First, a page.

This can be understood by Dodd: (15) "The Kingdom of God is conquering of evil which was "realized" in Jesus' life and death". Jesus was proclaiming a prophecy that the Kingdom of God is in heaven, but it can be realized through moral practice on earth. This idea of the 'present' Kingdom of God is heavily criticized as overly optimistic and if man has 'original sin' which must be repented for, a Kingdom of God in this light is incomprehendable. The messianic message of salvation is summed up to a great degree by Vardy and Mills: (16) "Jesus preached the need to respond to God in loving obedience, and the coming of the kingdom of God...He broke down the barriers between 'insider' and 'outsider' and showed, through his life, that God called every human being to follow him. He used parables to communicate his message." This response to God can be understood as that one must practice the Kingdom of God on earth in order to embrace the Kingdom of God in eternal life for example: the parable of the Last Judgment. Jesus breaks down the barriers of 'insider' and 'outsider' in significant parables such as the Parable of the sower; where Jesus states that the Kingdom of God (and primarily Salvation) is open to anyone who takes heed to the teachings of God. The parables were a means to translate the true meaning of the Kingdom of God. Overall the Jesus parables were about a future hope of salvation which could be realized through believing in Jesus Christ and gaining access to the Kingdom of God where ultimately salvation would occur. ...read more.

The above preview is unformatted text

This student written piece of work is one of many that can be found in our AS and A Level Christianity section.

Found what you're looking for?

  • Start learning 29% faster today
  • 150,000+ documents available
  • Just £6.99 a month

Not the one? Search for your essay title...
  • Join over 1.2 million students every month
  • Accelerate your learning by 29%
  • Unlimited access from just £6.99 per month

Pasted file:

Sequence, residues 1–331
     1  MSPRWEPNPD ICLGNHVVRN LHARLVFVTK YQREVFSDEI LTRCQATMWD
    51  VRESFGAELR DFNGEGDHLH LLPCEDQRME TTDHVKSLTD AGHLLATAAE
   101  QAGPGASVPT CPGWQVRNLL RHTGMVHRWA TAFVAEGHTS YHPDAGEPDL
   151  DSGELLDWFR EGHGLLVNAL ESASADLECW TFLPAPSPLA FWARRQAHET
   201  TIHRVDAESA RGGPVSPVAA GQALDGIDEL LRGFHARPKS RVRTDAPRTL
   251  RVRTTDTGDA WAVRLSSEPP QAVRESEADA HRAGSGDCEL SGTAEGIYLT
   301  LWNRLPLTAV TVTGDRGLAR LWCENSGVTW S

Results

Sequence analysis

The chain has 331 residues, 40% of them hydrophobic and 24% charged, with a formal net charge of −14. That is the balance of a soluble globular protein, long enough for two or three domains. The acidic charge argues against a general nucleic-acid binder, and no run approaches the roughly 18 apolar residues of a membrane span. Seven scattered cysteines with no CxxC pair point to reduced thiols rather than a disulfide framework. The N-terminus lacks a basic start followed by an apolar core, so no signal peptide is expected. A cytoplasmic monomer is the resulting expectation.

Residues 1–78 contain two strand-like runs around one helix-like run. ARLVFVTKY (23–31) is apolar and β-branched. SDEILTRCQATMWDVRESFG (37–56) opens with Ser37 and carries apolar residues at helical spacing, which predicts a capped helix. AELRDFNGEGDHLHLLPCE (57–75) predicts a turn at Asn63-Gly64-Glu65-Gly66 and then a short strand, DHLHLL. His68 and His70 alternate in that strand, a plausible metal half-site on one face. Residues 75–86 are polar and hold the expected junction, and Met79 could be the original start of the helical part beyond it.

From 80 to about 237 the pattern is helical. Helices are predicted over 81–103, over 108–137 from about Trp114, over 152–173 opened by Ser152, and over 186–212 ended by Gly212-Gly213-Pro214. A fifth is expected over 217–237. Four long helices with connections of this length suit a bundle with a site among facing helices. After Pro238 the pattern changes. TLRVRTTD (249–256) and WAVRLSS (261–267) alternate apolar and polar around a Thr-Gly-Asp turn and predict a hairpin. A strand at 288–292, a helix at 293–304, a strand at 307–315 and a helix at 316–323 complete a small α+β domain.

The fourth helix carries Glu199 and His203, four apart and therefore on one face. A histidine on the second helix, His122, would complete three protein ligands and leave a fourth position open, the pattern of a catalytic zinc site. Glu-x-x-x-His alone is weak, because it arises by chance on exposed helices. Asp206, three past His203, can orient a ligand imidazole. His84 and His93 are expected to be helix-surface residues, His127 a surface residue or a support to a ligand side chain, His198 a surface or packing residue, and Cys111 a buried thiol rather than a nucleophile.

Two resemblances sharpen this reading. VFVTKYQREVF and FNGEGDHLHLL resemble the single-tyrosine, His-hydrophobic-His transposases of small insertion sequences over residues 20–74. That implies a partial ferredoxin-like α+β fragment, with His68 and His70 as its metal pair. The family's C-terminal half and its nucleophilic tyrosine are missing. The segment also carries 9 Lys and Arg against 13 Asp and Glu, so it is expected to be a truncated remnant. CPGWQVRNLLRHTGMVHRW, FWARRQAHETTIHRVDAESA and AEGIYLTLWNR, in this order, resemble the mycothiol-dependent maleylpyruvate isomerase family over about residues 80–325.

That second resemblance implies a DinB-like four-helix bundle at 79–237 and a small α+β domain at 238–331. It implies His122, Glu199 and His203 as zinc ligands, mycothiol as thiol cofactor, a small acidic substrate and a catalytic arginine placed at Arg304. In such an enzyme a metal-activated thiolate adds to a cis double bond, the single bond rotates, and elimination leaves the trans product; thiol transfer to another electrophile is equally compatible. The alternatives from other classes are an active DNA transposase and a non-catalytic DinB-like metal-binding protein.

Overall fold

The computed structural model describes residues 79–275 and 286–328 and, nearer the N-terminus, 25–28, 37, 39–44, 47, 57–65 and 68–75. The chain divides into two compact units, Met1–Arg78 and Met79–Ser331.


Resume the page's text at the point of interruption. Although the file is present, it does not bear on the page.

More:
See related essaysSee related essays

Related AS and A Level Christianity essays

  1. The Kingdom of God was the centre of Gods teachings Discuss.

    In addition, Jesus used an illustration of mustard seed and how it grows for birds to perch in. This creates an imagery of the growth of the God's Kingdom. Everyone individual is part of the growth as illustrated by Jesus.

  2. The Gospel was written to prove to non-believers that Jesus Christ is the Son ...

    It is clear from Genesis God had a special relationship with his covenant people (Israel) and he chose them , delivered them and told them how to live. However , it is clear from the Old Testament that God cares for the Gentiles as well as his chosen people , he is seen as the God of the whole earth.

  1. Discuss and assess the view that according to the author of Lukes gospel it ...

    The Roman government had tight control but permitted freedom of religion thus anyone under the Roman rule was allowed to believe in whatever he wants. The Romans believed in many gods and did not care if the Jewish people believed in one God, they did not mind having another god.

  2. Covenants between Man and God in the Bible

    New Covenant provided Gentiles an unconditional means for salvation. They will also receive the promises that God promised to Abraham. The New covenant will be kept by all the people because ?it would be written on their heart; not something external, but a new life within.? (Lion Handbook). Jesus Christ is the basis of the new covenant.

  1. Miracles provide great hope for a hurting world. Discuss

    They suggest that this world is not all there is; there is another much greater world that we catch glimpses of through miracles. The miracle central to Christianity ? Christ?s resurrection ? can give a hurting person hope.

  2. Gods omniscience and omnibenevolence are compatible. Discuss.

    There seems no reference to these outside things within the nature of our reality, suggesting Hegel?s argument is not true, which may therefore ask us to question why we should accept God?s decision not to give us perfect judgement, if it is not for the needs of the perfect universe.

  1. Jesus Did Not Intend For His Parables To Be Easily Understood - Discuss.

    However, Mark sees the parables as something else - for him they are 'riddles' to test whether a reader or listener has appropriate understanding - they are 'secrets of the Kingdom of God' for an elite. They can't be kept 'secrets of the Kingdom of God' or 'riddles' to test people if they were simple to understand.

  2. With reference to the topics you have ...

    of Abraham and Sarah were too old to be fertile; its physical nature, again, stressed. Accordingly, the very fact that Paul uses the term ?soma? to explain the resurrection demonstrates that he is referring to a physical event that involves the body of the believer.

  • Over 160,000 pieces
    of student written work
  • Annotated by
    experienced teachers
  • Ideas and feedback to
    improve your own work